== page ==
Niederman MS, Mandell LA, Anzueto A, et al; American Thoracic Society American Thoracic Society Guidelines for the management of adults with community-acquired pneumonia. Diagnosis, assessment of severity, antimicrobial therapy, and prevention. Am J Respir Crit Care Med. 2001;1637:1730-1754. [PubMed]
 
Thorpe TC, Wilson ML, Turner JE, et al. BacT/Alert: an automated colorimetric microbial detection system. J Clin Microbiol. 1990;287:1608-1612. [PubMed]
 
Fine MJ, Auble TE, Yealy DM, et al. A prediction rule to identify low-risk patients with community-acquired pneumonia. N Engl J Med. 1997;3364:243-250. [CrossRef] [PubMed]
 
Lim WS, van der Eerden MM, Laing R, et al. Defining community acquired pneumonia severity on presentation to hospital: an international derivation and validation study. Thorax. 2003;585:377-382. [CrossRef] [PubMed]
 
von Elm E, Altman DG, Egger M, Pocock SJ, Gøtzsche PC, Vandenbroucke JP. Iniciativa STROBE Iniciativa STROBE The Strengthening the Reporting of Observational Studies in Epidemiology [STROBE] statement: guidelines for reporting observational studies [in Spanish]. Gac Sanit. 2008;222:144-150. [CrossRef] [PubMed]
 
Schuetz P, Christ-Crain M, Müller B. Procalcitonin and other biomarkers to improve assessment and antibiotic stewardship in infections—hope for hype? Swiss Med Wkly. 2009;13923-24:318-326. [PubMed]
 
Glerant JC, Hellmuth D, Schmit JL, Ducroix JP, Jounieaux V. Utility of blood cultures in community-acquired pneumonia requiring hospitalization: influence of antibiotic treatment before admission. Respir Med. 1999;933:208-212. [CrossRef] [PubMed]
 

Figures

Figure Jump LinkFigure 1. Patient flow in the derivation and the validation cohorts. CAP = community-acquired pneumonia; LRTI = lower respiratory tract infection.Grahic Jump Location
Figure Jump LinkFigure 2. Receiver operating characteristic curves analysis comparing derivation and validation cohorts (A) and procalcitonin and other laboratory and clinical parameters in the overall cohort (B). AB = antibiotic; AUC = area under the curve; CRP = C-reactive protein; PCT = procalcitonin; ROC = receiver operating characteristic.Grahic Jump Location
Figure Jump LinkFigure 3. Percentage of patients with positive and negative blood cultures within different risk categories. CURB-65 = confusion, urea > 7 mmol/L, respiratory rate ≥ 30/min, low systolic (< 90 mm Hg) or diastolic (≤ 60 mm Hg) BP, age ≥ 65 years; PSI = Pneumonia Severity Index. See Figure 2 legend for expansion of other abbreviations.Grahic Jump Location

Tables

Table Graphic Jump Location
Table 1 —Baseline Characteristics of Overall Patients With Community-Acquired Pneumonia Separated by Positive Blood Cultures and Negative or Contaminated Blood Cultures

Data are presented as No. (%) or median (interquartile range). CRP = C-reactive protein; CURB-65 = confusion, urea > 7 mmol/L, respiratory rate ≥ 30/min, low systolic (< 90 mm Hg) or diastolic (≤ 60 mm Hg) BP, age ≥ 65 years; PCT = procalcitonin; PSI = Pneumonia Severity Index.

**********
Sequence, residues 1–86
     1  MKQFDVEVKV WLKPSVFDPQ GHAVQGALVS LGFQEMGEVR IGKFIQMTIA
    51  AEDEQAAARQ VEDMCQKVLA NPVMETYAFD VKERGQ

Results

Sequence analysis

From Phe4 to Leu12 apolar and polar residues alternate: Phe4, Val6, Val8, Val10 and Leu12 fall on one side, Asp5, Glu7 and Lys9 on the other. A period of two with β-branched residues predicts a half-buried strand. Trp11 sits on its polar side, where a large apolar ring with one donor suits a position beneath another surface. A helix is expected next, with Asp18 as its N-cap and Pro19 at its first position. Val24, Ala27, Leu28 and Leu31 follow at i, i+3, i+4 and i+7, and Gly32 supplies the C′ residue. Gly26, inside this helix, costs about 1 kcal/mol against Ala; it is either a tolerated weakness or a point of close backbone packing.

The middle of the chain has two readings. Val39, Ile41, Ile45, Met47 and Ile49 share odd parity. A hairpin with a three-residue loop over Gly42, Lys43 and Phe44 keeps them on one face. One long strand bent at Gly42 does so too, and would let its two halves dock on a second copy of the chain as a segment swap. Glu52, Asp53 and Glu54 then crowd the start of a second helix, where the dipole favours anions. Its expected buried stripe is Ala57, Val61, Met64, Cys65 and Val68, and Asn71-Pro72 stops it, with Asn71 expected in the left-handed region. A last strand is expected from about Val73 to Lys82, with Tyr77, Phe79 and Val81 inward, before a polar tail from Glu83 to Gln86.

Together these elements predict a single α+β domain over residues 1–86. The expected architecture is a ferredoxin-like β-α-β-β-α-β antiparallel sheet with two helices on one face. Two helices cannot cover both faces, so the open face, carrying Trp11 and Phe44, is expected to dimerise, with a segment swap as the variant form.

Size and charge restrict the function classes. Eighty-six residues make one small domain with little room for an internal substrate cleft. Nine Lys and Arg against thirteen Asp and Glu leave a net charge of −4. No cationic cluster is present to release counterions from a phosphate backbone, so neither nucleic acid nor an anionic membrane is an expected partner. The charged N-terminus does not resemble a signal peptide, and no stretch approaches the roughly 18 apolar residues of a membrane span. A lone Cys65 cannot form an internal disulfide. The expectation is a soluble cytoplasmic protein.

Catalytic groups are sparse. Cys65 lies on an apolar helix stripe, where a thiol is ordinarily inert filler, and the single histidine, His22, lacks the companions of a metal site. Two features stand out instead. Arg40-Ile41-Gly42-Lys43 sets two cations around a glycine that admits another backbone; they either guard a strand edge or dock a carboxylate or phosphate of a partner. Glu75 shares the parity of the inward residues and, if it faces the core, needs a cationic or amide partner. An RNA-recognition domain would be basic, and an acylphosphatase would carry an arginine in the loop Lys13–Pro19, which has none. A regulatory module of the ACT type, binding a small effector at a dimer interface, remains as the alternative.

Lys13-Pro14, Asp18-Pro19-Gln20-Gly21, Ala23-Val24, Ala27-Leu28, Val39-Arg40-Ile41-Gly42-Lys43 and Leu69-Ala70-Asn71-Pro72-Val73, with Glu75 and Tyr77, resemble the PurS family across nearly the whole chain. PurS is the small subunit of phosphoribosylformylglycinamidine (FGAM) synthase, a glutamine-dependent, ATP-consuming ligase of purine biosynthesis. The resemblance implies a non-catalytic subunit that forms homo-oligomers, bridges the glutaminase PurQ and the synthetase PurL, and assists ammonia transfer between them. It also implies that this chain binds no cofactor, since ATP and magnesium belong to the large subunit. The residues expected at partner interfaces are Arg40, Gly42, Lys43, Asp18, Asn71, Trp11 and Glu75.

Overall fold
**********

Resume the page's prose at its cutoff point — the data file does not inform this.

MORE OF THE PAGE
Table Graphic Jump Location
Table 2 —Predictors for Positive Blood Cultures (n = 73) in Univariate Logistic Regression Analysis of Patients With Community-Acquired Pneumonia (n = 925)

See Table 1 for expansion of abbreviations.

Table Graphic Jump Location
Table 3 —PCT Parameters by Derivation, Validation, and Overall Study Cohorts

AUC = area under the curve; LR1 = positive likelihood ratio; LR− = negative likelihood ratio. See Table 1 for other expansion of other abbreviation.

Table Graphic Jump Location
Table 4 —AUC of Receiver Operating Characteristic Plot Analysis and Diagnostic Accuracy

Predictors at defined cutoff points with corresponding sensitivity, specificity, and positive and negative likelihood ratio. P values refer to the comparison of PCT with other parameters in receiver operating characteristic analysis. See Tables 1 and 3 legends for expansion of abbreviations.

Table Graphic Jump Location
Table 5 —Estimation of Costs According to Different PCT Cutoff Values

For cost calculations, 145 USD per two blood cultures and 30 USD per PCT measurement was assumed. USD = US dollars. See Table 1 for expansion of other abbreviation.

References

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Schuetz P, Christ-Crain M, Wolbers M, et al. Effect of procalcitonin-based guidelines vs standard guidelines on antibiotic use in lower respiratory tract infections: The ProHOSP randomized controlled trial. J Am Med Assoc. 2009;30210:1059-1066. [CrossRef]
 
Harbarth S, Holeckova K, Froidevaux C, et al; Geneva Sepsis Network Geneva Sepsis Network Diagnostic value of procalcitonin, interleukin-6, and interleukin-8 in critically ill patients admitted with suspected sepsis. Am J Respir Crit Care Med. 2001;1643:396-402. [PubMed]
 
Schuetz P, Mueller B, Trampuz A. Serum procalcitonin for discrimination of blood contamination from bloodstream infection due to coagulase-negative staphylococci. Infection. 2007;355:352-355. [CrossRef] [PubMed]